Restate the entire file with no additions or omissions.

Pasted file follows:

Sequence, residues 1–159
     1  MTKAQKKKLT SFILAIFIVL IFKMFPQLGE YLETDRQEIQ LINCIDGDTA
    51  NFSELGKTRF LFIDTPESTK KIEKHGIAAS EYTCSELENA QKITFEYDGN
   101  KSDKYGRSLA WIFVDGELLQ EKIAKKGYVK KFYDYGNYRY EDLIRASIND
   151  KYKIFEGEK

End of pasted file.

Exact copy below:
Sequence, residues 1–159
     1  MTKAQKKKLT SFILAIFIVL IFKMFPQLGE YLETDRQEIQ LINCIDGDTA
    51  NFSELGKTRF LFIDTPESTK KIEKHGIAAS EYTCSELENA QKITFEYDGN
   101  KSDKYGRSLA WIFVDGELLQ EKIAKKGYVK KFYDYGNYRY EDLIRASIND
   151  KYKIFEGEK